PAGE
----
Author: Jean-Claude Muller, 穆卓Executive Editor at BtoBioInnovation email@example.com
SPECIAL REPORT #20.9
COVID-19: A few early lessons.
Western Europe has now become the most active center of the COVID-19 outbreak with around 75,000 confirmed cases, getting close to the 81,000 cases in China, but with already more deaths than all over Asia, and the pandemic is far of having reached its peak. In most countries of Europe, Italy excepted, confinement has only been implemented a few days ago and was not as strict and as immediate as it was in Asian countries. Italy has now recorded more than 3,000 deaths and except for the region of Codorno, where an “Italian Wuhan” quarantine has been initiated two weeks ago, the virus is still spreading widely. The next widening of the pandemic will come from the United States and nobody can make a sound projection of the worldwide death toll within the next three months. The only clear impact on everybody’s radar screen is the massive slowing down of the economy and the two weeks long market crash with some sectors loosing from 60 to 90% of their January 1st value.
But what about China where it all started in the very last days of 2019?
According to the latest data report by AutoNavi, a map application operated by the Alibaba Group, traffic in major shopping districts in several major cities in China rose 30% over the weekend of March 14-15, compared with the weekend of February 15-16 when the coronavirus spread was at its high and many areas in the country were on lockdown. “Consumer confidence is starting to rebound as the coronavirus comes under control. We are seeing more and more people stepping out, with offline consumption slowly recovering” said Guo Ning, vice-president of AutoNavi. China’s two-months lockdown, with curfews, social distancing and rapid isolation of the most severe cases of the disease is clearly a lesson on how to best tackle the spread of a viral pandemic.
What can we learn from Hong Kong, Taiwan and Singapore?
They had been exposed to the SARS outbreak in 2003 which infected over 8,000 people and killed 774, including 299 in Hong Kong. “Somewhat perversely, we can look at SARS as the dress rehearsal” said Jeremy Lim, co-director of the Leadership Institute for Global Health Transformation at the National University of Singapore. “On the back of the experience, better systems were put in place” he said. Recoveries in all three countries are starting to outpace the active cases. Hong Kong has become a remarkable fixture for its ability to keep the disease under control and in being desperate to avoid repeating the nightmare of the 2003 epidemic. As of March 19, Hong Kong has 193 declared cases, 95 recoveries, 94 actives cases and 4 deaths, Singapore has 313 cases, no new case and zero deaths. Taiwan, an island located 80 miles from mainland China, has 108 reported cases, 8 new ones and one reported death.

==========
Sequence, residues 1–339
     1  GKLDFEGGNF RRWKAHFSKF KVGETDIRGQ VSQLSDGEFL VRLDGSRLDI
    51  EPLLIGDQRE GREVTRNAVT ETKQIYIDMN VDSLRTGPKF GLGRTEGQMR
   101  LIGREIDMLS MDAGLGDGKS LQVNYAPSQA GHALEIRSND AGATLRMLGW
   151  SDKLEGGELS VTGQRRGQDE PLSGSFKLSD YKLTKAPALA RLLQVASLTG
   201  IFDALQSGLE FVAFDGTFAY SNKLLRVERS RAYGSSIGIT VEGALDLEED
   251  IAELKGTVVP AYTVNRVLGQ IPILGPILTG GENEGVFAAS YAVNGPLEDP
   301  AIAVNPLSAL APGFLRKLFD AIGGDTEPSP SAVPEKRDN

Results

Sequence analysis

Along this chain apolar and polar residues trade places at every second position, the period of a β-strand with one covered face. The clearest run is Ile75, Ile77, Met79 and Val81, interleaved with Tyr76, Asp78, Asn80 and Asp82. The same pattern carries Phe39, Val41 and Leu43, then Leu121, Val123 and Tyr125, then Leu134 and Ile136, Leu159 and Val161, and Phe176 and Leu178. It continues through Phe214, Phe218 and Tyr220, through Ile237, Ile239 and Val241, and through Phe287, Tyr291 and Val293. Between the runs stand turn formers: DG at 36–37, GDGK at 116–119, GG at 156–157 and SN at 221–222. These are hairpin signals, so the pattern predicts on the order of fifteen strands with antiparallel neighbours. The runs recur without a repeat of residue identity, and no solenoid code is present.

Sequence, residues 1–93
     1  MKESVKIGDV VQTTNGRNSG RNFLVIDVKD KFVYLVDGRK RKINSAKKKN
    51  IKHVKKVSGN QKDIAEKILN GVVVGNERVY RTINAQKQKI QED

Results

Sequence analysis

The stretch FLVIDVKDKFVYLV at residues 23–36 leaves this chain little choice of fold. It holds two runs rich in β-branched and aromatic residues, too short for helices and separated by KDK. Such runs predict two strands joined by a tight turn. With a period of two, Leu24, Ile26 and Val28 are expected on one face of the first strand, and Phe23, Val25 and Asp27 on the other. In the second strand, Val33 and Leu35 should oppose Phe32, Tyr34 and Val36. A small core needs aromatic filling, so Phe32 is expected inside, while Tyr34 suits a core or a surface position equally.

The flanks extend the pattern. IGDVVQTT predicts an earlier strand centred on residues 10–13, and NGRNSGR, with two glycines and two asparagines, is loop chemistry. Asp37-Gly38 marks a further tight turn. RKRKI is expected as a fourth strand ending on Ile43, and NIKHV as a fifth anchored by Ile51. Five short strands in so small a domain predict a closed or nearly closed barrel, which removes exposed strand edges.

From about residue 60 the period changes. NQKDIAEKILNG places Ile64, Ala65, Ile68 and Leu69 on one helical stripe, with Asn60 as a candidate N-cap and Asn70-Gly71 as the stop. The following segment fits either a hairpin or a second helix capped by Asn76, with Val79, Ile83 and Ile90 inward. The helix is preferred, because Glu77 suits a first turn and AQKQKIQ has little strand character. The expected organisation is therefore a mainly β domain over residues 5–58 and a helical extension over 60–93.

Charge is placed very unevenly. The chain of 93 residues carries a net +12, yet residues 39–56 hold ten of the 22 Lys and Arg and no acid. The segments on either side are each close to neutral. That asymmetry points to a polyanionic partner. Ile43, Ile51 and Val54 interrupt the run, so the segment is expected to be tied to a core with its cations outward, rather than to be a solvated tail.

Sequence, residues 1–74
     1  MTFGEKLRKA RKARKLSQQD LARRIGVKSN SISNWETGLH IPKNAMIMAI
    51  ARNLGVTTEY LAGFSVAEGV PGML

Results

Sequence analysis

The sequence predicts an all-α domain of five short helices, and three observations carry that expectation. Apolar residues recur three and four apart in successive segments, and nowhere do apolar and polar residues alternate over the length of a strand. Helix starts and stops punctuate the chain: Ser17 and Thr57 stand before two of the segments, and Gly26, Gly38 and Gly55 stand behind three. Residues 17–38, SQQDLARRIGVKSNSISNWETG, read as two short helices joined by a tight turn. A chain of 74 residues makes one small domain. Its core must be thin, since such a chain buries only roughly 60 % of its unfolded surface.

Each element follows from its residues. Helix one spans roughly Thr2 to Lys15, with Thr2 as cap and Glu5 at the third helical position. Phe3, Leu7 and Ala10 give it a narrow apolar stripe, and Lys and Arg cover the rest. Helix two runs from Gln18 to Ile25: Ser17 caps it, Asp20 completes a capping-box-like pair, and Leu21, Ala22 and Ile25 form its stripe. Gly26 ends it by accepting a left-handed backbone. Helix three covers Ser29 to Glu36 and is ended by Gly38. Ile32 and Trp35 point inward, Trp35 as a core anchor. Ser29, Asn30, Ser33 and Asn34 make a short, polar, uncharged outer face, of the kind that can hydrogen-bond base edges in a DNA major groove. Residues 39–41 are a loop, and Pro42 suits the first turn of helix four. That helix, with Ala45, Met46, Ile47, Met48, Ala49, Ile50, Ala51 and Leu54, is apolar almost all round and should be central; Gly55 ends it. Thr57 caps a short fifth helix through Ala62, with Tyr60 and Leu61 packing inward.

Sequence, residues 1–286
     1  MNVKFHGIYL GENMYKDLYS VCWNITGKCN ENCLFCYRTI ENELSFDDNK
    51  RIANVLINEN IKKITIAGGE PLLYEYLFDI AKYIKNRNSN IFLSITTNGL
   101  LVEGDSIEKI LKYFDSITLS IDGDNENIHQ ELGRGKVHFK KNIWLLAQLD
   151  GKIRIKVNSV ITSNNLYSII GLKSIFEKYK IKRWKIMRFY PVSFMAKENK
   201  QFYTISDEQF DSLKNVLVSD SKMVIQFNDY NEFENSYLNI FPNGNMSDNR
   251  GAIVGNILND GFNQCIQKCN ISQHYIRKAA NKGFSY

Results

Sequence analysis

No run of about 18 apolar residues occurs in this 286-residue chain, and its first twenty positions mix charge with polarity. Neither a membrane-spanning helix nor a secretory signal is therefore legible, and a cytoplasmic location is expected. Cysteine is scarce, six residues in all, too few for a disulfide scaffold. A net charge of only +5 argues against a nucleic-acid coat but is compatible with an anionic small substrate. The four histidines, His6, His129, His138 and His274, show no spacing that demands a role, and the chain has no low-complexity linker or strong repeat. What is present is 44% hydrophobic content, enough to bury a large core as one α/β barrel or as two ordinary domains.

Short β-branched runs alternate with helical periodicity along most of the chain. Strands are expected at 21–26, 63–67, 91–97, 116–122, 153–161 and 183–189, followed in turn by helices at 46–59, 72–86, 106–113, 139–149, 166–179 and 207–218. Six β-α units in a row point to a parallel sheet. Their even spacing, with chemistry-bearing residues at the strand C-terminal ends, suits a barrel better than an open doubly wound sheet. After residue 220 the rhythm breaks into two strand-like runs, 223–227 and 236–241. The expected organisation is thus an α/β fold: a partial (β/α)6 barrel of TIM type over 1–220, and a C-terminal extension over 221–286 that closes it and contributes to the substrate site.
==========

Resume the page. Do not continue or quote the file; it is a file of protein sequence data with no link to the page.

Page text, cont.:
Key to their successes has been the decision to respond aggressively from the outset of the disease. In order to uncover any COVID-19 infection, that may otherwise evaded infection, Singapore health authorities decided to test all influenza like and pneumonia cases and rapidly separated every possible contact from infected subjects with locally developed tests for antibodies. Epidemic preparedness and authoritarian responses based on control of social distancing, implementation of curfews and coercion have proven to be effective to keep the epidemic under control.
Hong Kong, Taiwan and Singapore cannot be a virus-fighting blueprint for other countries, their geographic sizes relate more to cities rather than nations. Nevertheless the infection rates of these countries are far lower than the predicted catastrophe and they must have done more than one thing right. “The facts speak from themselves”.
March 19, 2020
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